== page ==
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Published September 1992 | public
Journal Article

Observations of the Isotropy of the Cosmic Microwave Background Radiation


Over the past decade the anisotropy of the microwave background radiation has emerged as a field of fundamental importance to astrophysics due to its significance in theories of galaxy formation and in the quest for the physical origin of fluctuations. The history of the development of this subject may be divided into three phases. In the first phase, lasting up until about 1982, searches for anisotropy were carried out on angular scales ranging from two arc minutes to 180°, and, apart from the dipole term due to the peculiar velocity of the Earth relative to the Hubble flow (e.g. Fixsen et al 1983, Lubin et al 1985, Halpern et al 1985, Strukov & Skulachev 1988, Meyer et al 1991b, Smoot et aI 1991b), no anisotropies were detected down to the level of AT/T ≈ 10^(-4)-10^(-3) expected from simple scenarios for galaxy formation. In the second phase, from ~1983 to ~1989, sensitivities were improved by a full order of magnitude, but still no intrinsic anisotropies were detected. Over the same period many theoretical models were eliminated and new models were explored which predicted fractional anisotropies approaching 10^(-6). We are presently in the third phase: Sensitivities on all angular scales have reached levels where confusing signals due to discrete sources or diffuse Galactic emission due to dust, free-free emission and synchrotron radiation-dominate the measurements and have to be removed before the intrinsic anisotropy can be studied.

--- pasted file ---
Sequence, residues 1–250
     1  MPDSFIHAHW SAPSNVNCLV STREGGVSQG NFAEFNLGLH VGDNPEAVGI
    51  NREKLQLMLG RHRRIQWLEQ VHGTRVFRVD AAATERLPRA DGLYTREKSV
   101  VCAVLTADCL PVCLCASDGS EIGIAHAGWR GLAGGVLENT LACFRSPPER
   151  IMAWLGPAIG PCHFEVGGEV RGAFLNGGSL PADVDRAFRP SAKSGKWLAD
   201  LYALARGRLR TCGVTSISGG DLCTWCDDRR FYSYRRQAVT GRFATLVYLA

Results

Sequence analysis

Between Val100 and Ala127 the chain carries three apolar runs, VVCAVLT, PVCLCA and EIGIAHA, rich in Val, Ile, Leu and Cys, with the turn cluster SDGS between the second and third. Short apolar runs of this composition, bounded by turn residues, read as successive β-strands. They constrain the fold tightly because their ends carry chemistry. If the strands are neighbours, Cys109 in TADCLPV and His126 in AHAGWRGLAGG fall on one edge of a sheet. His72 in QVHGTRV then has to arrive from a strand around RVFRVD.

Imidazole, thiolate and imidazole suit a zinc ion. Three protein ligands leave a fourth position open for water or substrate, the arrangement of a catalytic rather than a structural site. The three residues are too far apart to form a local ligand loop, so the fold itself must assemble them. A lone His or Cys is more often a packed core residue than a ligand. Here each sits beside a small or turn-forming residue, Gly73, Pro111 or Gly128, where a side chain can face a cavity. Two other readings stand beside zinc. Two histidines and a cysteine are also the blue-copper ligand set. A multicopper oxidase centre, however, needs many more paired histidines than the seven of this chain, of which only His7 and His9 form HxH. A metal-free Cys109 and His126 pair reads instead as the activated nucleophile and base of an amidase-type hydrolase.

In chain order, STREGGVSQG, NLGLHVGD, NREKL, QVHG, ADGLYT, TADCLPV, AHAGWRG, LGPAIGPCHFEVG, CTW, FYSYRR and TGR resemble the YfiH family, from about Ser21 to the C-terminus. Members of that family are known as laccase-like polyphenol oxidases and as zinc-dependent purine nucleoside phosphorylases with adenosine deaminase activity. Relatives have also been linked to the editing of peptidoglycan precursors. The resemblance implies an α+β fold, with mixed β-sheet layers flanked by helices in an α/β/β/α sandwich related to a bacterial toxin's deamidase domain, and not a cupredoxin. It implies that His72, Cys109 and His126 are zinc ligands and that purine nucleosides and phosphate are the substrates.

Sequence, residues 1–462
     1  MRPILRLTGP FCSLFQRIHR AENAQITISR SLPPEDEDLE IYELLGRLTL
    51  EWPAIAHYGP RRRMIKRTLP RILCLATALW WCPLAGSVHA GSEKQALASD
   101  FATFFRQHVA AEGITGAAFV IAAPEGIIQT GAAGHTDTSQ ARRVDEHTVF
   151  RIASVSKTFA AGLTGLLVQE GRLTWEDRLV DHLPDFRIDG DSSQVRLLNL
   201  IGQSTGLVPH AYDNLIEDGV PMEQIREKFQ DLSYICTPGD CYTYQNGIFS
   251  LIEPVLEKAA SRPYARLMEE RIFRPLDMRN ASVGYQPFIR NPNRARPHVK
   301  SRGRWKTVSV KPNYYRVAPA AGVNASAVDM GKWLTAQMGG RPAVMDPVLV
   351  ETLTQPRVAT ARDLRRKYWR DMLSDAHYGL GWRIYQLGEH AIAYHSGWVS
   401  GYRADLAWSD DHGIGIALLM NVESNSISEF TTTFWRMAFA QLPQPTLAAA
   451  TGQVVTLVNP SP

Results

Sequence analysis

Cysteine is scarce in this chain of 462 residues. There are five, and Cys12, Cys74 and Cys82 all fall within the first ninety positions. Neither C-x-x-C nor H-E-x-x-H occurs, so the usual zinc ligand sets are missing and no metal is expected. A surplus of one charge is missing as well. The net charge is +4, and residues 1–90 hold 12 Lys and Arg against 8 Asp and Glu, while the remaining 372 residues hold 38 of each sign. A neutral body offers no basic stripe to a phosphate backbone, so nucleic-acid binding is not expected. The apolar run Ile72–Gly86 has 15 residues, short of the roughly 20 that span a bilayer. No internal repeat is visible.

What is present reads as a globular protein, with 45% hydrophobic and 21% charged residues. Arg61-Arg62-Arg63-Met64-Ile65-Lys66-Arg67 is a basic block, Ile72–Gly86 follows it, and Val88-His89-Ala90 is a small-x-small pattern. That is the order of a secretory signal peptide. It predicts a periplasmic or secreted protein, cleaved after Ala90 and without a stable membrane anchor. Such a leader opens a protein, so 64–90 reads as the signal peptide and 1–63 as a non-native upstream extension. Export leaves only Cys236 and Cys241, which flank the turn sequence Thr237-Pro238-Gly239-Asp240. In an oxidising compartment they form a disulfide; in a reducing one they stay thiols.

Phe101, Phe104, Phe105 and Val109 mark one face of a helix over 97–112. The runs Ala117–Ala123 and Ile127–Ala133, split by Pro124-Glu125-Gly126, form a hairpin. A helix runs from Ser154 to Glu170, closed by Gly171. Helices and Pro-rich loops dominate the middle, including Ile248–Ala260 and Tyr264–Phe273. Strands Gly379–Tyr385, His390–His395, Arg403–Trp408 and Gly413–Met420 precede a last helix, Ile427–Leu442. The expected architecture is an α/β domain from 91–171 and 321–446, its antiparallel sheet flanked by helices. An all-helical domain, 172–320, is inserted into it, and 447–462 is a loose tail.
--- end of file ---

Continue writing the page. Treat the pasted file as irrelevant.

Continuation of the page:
Additional Information

© 1992 Annual Reviews. We thank S. Myers, T. Pearson, and A. Sandage for many useful comments on the manuscript, and S. Myers for providing Figure 2. This work as supported by grant # AST88-15131 from the National Science Foundation.

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